Photographs of the Egyptian desert taken by astronauts aboard the International Space Station show how artificial lakes in the Egyptian desert have filled up reaching never-before-seen extent.
Huge artificial lakes in the desert south of Egypt have reached never-before-seen sizes due to excess water from the great Nasser reservoir on the Nile River.
The level of the Toshka Lakes depends on multi-year fluctuations in the Nile’s flow; the lakes filled in 2002 after the Nile experienced several years of significant flooding. By 2012, however, most of the lakes had dried up due to low river flow. In subsequent years, the lakes shrank further, leaving only small remnants of water in the western basins.
As of 2019, summer rains in Sudan and South Sudan were heavy enough to raise the water level in Lake Nasser, permitting the eastern Toshka Basin to begin to fill.
In 2020, record flooding occurred in Sudan, resulting in the highest water level ever recorded in Lake Nasser.
Again in 2021, the Sudanese floods approached record levels. Furthermore, the result was a rapid filling of the Toshka Lakes.
The November 2021 photo released by NASA (see below) shows the lakes house more water than ever before, with Lake Nasser stretching across the Nile to the right, next to the spillway that feeds the lakes.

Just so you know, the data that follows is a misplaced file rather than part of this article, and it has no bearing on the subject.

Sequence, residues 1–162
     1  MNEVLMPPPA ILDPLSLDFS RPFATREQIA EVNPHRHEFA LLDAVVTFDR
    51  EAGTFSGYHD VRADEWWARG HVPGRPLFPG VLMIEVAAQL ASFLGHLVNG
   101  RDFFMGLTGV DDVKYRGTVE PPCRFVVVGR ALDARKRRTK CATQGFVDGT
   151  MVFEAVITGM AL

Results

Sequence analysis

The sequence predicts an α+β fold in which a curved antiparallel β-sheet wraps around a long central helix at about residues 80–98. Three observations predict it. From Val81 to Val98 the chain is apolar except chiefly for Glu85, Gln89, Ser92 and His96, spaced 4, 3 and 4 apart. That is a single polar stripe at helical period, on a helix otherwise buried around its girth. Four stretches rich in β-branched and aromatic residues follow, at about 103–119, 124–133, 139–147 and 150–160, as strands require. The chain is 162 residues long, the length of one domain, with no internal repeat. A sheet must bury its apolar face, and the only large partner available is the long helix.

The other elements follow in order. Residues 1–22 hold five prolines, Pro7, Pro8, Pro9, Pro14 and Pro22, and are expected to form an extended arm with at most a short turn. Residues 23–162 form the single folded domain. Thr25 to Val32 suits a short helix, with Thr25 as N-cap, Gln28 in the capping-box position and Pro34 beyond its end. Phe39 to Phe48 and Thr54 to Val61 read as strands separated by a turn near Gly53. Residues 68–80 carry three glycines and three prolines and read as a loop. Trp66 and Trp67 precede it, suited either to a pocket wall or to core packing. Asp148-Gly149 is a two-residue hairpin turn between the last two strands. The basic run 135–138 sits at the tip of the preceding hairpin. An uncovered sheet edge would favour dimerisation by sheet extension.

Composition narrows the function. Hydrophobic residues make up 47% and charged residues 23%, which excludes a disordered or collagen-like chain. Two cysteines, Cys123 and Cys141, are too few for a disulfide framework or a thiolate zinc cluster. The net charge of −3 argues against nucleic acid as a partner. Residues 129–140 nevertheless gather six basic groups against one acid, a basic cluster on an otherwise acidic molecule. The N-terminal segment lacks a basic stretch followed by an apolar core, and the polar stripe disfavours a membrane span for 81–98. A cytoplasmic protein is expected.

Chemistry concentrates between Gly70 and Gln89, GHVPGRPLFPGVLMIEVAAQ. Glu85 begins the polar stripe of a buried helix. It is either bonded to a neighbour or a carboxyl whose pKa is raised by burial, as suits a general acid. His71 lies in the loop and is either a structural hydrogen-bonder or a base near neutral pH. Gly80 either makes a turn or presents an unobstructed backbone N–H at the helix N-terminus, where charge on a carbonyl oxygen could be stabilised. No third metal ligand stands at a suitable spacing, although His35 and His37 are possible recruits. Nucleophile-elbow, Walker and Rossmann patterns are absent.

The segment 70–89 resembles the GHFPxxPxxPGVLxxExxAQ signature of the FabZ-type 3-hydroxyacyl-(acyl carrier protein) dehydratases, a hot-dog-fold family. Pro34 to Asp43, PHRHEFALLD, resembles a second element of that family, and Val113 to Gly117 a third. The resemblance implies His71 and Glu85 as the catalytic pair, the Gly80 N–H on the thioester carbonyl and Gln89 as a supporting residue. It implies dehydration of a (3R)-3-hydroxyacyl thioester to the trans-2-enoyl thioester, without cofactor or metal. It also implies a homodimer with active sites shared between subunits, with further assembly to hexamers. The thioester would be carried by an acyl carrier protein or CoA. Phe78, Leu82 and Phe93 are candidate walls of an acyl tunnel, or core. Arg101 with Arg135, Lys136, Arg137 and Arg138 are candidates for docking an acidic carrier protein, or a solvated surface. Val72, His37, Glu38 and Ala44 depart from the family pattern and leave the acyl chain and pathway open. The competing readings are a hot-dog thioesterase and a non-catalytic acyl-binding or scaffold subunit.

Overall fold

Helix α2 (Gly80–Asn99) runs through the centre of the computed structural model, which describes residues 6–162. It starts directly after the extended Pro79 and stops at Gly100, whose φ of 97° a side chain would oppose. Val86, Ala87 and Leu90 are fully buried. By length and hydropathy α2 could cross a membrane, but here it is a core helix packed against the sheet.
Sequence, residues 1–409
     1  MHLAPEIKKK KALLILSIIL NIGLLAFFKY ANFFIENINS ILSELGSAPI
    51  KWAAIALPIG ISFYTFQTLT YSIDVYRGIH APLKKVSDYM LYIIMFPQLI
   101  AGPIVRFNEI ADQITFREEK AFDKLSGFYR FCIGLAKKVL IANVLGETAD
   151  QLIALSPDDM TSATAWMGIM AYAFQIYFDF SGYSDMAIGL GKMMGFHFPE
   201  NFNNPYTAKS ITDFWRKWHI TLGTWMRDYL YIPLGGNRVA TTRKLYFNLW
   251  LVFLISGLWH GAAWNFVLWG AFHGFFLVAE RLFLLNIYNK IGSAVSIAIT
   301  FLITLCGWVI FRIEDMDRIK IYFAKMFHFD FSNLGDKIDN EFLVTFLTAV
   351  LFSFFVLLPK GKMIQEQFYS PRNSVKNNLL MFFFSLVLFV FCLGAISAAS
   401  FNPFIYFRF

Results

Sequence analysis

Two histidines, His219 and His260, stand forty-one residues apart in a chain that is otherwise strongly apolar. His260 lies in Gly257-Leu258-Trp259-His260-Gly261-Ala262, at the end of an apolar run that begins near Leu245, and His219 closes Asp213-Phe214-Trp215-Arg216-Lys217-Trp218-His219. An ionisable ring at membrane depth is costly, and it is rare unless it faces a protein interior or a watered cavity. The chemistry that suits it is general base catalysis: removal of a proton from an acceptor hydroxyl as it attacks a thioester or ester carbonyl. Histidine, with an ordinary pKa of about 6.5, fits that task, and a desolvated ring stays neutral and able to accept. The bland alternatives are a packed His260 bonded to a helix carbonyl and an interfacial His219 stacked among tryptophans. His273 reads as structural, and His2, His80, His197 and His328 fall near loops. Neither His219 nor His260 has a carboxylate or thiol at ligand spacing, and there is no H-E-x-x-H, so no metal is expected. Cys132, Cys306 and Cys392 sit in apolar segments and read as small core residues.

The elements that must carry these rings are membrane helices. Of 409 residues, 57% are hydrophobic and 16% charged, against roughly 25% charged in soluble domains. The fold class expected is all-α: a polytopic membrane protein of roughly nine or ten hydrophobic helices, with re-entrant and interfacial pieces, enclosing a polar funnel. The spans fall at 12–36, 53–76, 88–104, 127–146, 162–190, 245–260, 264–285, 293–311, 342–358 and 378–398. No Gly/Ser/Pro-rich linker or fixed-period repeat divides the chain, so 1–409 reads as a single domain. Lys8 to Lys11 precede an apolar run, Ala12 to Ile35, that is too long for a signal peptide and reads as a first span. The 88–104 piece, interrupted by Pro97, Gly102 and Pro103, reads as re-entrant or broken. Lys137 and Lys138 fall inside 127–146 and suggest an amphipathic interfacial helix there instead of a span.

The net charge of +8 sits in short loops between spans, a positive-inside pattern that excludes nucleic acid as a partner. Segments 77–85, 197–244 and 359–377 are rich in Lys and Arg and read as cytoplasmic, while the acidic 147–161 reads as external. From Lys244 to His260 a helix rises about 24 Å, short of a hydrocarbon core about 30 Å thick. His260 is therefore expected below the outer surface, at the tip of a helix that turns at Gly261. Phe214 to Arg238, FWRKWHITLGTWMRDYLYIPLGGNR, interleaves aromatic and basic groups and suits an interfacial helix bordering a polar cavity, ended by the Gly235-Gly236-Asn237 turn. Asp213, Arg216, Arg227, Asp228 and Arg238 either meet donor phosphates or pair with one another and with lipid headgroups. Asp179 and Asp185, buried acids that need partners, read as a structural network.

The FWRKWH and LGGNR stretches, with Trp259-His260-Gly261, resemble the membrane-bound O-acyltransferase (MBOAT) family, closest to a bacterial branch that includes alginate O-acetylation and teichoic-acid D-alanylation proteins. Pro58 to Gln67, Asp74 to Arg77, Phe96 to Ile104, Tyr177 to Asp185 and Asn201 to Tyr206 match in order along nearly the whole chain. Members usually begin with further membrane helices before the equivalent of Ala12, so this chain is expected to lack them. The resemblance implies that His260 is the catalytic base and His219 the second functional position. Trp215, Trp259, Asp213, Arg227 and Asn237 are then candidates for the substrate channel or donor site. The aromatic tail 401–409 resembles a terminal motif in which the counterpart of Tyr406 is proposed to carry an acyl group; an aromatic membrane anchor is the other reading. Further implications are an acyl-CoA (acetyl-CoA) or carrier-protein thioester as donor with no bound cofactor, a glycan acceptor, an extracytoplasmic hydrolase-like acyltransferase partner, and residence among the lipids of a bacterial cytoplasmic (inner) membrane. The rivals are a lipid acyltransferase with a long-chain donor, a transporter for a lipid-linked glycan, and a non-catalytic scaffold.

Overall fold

Artificial Lakes in the Egyptian desert reach an unprecedented extent
Satellite images show that new lakes have formed in depressions to the north and south of the eastern basin.
The area of the original lakes even grew slightly above the levels seen in 2001.
The areas under cultivation have also greatly expanded in the 19 years since the first available satellite photo.
According to NASA, the ambitious Toshka Lakes project was designed to provide irrigation for new agricultural developments and attract people to the region away from the dense populations of the Nile Valley itself.
The project was also meant to protect the Aswan High Dam, which retains a large volume of water.
Damage to the dam or collapse from overfilling Lake Nasser would be catastrophic for downstream Egyptian populations. On the other hand, overfilling may result from sustained high rainfall in upstream countries. Furthermore, releases from dams in other countries, such as Sudan and Ethiopia, may contribute to overflowing during flood events.
Read More: NASA; Two Decades of Change at Toshka Lakes
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